In order to provide the necessary strength, a binding agent, usually cobalt is added to the tungsten in powder form and these two are ball milled together for a period of several days, to form a very intimate mixture. Careful control of conditions, including time, must be exercised to obtain a uniform, homogeneous product. (See figure 1.3)
Compacting. The most common compacting method for grade powders involves the use of a die, made to the shape of the eventual product desired. The size of the die must be greater than the final product size to allow for dimensional shrinkage that takes place in the final sintering operation. These dies are expensive, and usually made with tungsten carbide liners. Therefore, sufficient number of the final product (compacts) are required, to justify the expense involved in manufacturing a specific die. Carbide compacting equipment - better known as a pill press - is shown in figure 1.4, and various pill pressed carbide parts are shown in figure 1.5.
If the quantities are not high, a larger briquette, or billet, may be pressed. This billet may then be cut up (usually after pre-sintering) into smaller units and shaped or preformed to the required configuration, and again, allowance must be made to provide for shrinkage. Ordinarily pressures used in these cold compacting operations are in the neighborhood of 30,000 PSI. Various carbide-preformed parts are shown in figure 1.6.
A second compacting method is the hot pressing of grade powders in graphite dies at the sintering temperature. After cooling, the part has attained full hardness. Because the graphite dies are expendable, this system is generally used only when the part to be produced it too large for cold pressing and sintering.
A third compacting method, usually used for large pieces, is isostatic pressing. Powders are placed in a closed, flexible container that is then suspended in a liquid in a closed pressure vessel. Pressure in the liquid is built up to the point where the powders become properly compacted. This system is advantageous for pressing large pieces, because the pressure acting on the powders operates equally from all directions, resulting in a compact of uniform pressed density.
Sintering. A cobalt compact is heated in a hydrogen atmosphere or vacuum furnace in temperatures ranging from 2,500 to 2,900°F, depending on the composition. Both time and temperature are carefully adjusted in combination, to effect optimum control over properties and geometry. The compact will shrink approximately 16% on linear dimensions, or 40% in volume. The exact amount of shrinkage depends on several factors, including particle size of the powders, and the composition of the grade. Control of the size and shape is most important and is least predictable during the cooling cycle. This is particularly true with those grades of cemented carbides with higher cobalt contents.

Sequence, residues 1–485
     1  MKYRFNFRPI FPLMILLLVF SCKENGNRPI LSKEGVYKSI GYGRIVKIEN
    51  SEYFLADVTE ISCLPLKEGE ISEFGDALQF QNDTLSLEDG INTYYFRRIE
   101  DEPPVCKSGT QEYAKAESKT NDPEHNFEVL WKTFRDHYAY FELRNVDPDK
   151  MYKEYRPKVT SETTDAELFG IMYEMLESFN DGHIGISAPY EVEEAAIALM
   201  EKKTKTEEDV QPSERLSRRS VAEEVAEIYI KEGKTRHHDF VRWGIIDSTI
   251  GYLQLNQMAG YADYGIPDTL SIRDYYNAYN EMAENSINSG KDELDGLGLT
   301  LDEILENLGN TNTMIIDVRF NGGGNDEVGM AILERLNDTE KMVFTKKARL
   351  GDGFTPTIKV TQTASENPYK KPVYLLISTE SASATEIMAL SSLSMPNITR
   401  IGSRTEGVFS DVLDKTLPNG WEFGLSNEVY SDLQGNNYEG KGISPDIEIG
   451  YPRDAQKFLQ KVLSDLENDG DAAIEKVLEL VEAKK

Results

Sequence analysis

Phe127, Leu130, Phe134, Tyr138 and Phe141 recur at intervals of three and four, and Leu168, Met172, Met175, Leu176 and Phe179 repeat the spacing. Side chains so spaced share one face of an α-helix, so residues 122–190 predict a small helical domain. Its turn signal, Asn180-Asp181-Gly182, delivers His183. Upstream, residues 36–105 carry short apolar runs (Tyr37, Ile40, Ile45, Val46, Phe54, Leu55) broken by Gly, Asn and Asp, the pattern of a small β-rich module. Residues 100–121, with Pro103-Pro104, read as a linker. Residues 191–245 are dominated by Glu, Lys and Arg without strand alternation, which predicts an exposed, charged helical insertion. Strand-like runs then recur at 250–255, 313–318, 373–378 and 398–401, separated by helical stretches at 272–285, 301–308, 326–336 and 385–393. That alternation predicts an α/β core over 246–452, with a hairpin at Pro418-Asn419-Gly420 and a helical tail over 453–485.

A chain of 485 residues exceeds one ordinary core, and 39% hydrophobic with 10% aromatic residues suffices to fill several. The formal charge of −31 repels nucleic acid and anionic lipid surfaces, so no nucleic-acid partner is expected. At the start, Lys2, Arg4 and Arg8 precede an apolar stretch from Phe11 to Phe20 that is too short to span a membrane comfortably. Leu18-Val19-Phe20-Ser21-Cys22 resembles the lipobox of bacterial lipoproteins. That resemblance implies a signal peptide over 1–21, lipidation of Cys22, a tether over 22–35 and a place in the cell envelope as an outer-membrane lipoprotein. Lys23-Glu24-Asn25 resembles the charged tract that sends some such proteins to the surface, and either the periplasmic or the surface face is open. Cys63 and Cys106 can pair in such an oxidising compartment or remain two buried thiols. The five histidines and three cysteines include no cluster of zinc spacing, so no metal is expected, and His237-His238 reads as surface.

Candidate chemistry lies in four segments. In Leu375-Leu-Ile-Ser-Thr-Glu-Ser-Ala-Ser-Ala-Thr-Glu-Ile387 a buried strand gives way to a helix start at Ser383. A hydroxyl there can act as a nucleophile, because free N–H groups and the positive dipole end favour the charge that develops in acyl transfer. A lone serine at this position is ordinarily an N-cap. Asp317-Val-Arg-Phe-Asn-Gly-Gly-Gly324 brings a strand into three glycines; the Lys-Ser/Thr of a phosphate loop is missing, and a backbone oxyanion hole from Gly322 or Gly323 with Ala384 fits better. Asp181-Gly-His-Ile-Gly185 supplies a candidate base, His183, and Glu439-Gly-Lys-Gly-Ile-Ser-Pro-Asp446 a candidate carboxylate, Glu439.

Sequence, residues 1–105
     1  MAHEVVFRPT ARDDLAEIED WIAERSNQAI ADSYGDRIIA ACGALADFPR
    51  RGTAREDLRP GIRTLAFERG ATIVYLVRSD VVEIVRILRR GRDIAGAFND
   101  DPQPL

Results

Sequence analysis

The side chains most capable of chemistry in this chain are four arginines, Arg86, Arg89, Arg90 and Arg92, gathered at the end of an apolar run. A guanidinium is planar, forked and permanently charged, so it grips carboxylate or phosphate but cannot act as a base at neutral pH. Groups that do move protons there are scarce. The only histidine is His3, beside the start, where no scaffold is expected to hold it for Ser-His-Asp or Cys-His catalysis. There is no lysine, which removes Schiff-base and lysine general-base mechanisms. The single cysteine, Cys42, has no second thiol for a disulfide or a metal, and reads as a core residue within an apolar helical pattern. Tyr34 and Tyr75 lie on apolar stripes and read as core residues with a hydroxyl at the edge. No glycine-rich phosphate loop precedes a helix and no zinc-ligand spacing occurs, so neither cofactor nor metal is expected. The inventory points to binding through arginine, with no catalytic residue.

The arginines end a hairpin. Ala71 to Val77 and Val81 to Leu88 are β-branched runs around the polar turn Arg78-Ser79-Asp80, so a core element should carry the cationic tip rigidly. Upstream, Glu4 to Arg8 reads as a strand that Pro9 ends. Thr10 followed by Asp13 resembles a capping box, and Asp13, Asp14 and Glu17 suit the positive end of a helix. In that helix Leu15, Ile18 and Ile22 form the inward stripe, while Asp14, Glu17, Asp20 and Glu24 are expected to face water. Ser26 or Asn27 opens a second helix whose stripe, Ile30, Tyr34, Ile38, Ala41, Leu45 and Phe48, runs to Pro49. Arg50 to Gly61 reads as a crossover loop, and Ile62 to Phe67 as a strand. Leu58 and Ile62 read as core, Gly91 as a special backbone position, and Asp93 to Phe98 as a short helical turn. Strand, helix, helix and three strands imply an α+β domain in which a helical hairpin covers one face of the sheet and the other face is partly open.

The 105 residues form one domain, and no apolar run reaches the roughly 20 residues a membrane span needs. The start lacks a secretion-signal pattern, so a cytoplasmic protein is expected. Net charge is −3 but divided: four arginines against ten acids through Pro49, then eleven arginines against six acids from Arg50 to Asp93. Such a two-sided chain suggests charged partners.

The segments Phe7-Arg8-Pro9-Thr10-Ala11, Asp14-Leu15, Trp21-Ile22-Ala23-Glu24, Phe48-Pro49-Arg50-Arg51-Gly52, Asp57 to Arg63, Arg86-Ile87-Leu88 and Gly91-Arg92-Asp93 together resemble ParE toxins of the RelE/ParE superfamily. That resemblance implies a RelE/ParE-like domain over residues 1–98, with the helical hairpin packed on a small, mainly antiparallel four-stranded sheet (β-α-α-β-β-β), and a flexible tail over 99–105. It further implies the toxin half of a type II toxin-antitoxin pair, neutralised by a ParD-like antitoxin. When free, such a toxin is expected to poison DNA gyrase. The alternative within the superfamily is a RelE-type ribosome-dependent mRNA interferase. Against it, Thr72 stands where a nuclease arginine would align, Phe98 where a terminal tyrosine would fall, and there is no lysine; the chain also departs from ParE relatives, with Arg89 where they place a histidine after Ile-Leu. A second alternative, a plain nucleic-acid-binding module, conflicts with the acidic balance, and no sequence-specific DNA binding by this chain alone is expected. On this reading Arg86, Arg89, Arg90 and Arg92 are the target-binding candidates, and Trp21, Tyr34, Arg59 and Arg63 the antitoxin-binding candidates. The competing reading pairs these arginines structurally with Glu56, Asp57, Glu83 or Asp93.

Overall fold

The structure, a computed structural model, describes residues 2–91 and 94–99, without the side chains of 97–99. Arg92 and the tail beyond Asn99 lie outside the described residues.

With cobalt having a lesser density than tungsten, it occupies a greater part of the volume than would be indicated by the rated cobalt content of the grade. And, because cobalt contents are generally a much higher percentage of the mass in liquid phase, extreme care is required to control and predict with accuracy the magnitude and direction of shrinkage. Figure 1.7 shows carbide parts being loaded into a sintering furnace, and a more detailed schematic diagram of the cemented tungsten carbide manufacturing process is shown in figure 1.8.
Classification of Carbide Tools
Cemented carbide products are classified into three major categories:
• Wear Grades, used primarily in dies, machine and tool guides, and in everyday items such as line guides on fishing rods and reels. Used anywhere good wear resistance is required.
• Impact Grades, also used for dies, particularly for stamping and forming, and in tools such as mining drill heads.
• Cutting Tool Grades, the cutting tool grades of cemented carbides are divided into two groups, depending on their primary application. If the carbide is intended for use on cast iron that is a nonductile material, it is graded as a cast iron carbide. If it is to be used to cut steel, a ductile material, it is graded as a steel grade carbide.
Cast iron carbides must be more resistant to abrasive wear. Steel carbides require more resistance to cratering and heat. The tool wear characteristics of various metals are different, thereby requiring different tool properties. The high abrasiveness of cast iron causes mainly edge wear to the tool. The long chip of steel, which flows across the tool at normally higher cutting speeds, causes.
George Schneider, Jr., is the author of Cutting Tool Applications, a handbook to machine tool materials, principles, and designs. He is the Professor Emeritus of Engineering Technology at Lawrence Technological University, and former Chairman of the Detroit Chapter of the Society of Manufacturing Engineers.